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Detecting Predictable Non-linear Dynamics in Dow Jones Industrial Average and Dow Jones Islamic Market Indices using Nonparametric Regressions

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Author Info

  • Marcos Álvarez-Díaz

    ()
    (Department of Economics, University of Vigo, Galicia, Spain)

  • Shawkat Hammoudeh

    ()
    (Lebow College of Business, Drexel University, Philadelphia, USA)

  • Rangan Gupta

    ()
    (Department of Economics, University of Pretoria)

Abstract

This study performs the challenging task of examining the forecastability behavior of the stock market returns for the Dow Jones Industrial Average (DJIA) and the Dow Jones Islamic (DJIM) market indices, using non-parametric regressions. These indices represent different markets in terms of institutional and balance sheet characteristics. The empirical results posit that stock market indices are difficult to predict accurately. However, our results reveal some point forecasting capacity for a 15-week horizon at the 95 per cent confidence level for the DJIA index, and for nine- week horizon at the 99 per cent confidence for the DJIM index, using the non-parametric regressions. On the other hand, the ratio of the correctly predicted signs (the success ratio) shows a percentage above 60 per cent for both indices which is evidence of predictability for those indices. This predictability is however statistically significant only four-weeks ahead for the DJIM case, and twelve weeks ahead for the DJIA as their NMSE is different from one. In sum, the forecastability of DJIM is better than that of DJIA. This result on the forecastability of DJIM add to its other findings in the literature that cast doubts on its suitability in hedging and asset allocation in portfolios that contain conventional stocks.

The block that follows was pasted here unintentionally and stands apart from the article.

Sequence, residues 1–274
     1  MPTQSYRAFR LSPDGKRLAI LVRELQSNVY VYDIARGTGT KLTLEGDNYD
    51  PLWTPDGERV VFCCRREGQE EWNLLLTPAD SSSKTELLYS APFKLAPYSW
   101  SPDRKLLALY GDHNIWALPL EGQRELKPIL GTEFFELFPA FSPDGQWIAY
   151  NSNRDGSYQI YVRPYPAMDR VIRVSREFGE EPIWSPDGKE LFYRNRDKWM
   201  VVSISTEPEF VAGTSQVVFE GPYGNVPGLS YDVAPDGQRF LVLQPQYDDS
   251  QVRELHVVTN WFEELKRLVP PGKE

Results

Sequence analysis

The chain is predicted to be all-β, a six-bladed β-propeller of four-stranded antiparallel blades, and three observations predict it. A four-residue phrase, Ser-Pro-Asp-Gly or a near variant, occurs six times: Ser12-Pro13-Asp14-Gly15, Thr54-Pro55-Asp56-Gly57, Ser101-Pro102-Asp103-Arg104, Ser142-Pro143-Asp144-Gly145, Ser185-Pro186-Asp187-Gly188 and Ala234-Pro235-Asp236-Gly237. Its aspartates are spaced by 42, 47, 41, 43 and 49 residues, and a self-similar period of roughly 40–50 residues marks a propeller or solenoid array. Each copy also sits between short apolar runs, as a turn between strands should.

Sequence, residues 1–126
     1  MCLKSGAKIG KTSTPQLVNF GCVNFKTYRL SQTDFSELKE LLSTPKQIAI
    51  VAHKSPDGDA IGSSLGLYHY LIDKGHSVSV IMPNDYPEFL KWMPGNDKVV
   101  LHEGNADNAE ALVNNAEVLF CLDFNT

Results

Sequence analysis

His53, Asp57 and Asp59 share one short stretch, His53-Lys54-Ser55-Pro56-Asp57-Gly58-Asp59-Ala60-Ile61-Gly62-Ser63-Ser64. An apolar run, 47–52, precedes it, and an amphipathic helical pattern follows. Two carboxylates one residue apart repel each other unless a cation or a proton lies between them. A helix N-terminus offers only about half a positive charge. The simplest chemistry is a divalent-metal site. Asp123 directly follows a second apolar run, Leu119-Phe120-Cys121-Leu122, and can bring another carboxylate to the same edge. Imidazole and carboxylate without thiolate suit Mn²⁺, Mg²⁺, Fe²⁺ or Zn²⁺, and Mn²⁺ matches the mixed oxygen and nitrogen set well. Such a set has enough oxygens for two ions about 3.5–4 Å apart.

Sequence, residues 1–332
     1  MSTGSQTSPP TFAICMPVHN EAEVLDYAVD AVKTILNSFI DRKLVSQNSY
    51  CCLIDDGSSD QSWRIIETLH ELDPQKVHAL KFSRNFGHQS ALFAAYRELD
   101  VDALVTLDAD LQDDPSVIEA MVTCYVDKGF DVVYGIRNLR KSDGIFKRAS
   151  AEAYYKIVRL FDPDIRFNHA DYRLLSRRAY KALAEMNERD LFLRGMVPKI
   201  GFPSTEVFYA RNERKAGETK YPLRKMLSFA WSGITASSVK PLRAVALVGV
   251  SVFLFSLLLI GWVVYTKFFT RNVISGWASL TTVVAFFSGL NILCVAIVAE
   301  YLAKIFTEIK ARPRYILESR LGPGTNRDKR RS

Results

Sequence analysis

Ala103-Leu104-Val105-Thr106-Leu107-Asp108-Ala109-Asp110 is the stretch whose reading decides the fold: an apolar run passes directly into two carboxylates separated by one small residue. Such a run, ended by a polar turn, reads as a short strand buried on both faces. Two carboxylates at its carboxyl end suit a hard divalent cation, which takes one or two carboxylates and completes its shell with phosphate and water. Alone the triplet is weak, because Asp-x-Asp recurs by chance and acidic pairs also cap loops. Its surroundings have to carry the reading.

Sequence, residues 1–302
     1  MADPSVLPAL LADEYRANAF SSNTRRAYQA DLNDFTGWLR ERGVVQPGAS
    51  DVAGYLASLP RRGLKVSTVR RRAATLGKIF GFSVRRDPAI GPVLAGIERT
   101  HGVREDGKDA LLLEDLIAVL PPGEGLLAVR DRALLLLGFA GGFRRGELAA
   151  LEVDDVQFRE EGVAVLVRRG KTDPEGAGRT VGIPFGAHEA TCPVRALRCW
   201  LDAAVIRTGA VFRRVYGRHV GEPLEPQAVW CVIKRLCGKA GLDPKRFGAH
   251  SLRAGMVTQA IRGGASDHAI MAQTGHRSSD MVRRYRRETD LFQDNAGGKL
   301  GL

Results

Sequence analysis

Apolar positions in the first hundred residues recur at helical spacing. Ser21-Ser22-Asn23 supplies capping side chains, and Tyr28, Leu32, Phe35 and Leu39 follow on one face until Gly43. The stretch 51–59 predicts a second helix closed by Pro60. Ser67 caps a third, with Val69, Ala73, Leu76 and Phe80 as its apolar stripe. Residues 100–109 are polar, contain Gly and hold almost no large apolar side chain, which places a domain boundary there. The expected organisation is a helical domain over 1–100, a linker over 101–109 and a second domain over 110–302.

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Bibliographic Info

Paper provided by University of Pretoria, Department of Economics in its series Working Papers with number 201385.

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Length: 27 pages
Date of creation: Dec 2013
Date of revision:
Handle: RePEc:pre:wpaper:201385

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Keywords: Islamic and conventional equity markets; forecasting; nonparametric regressions; point prediction; success ratio;

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References

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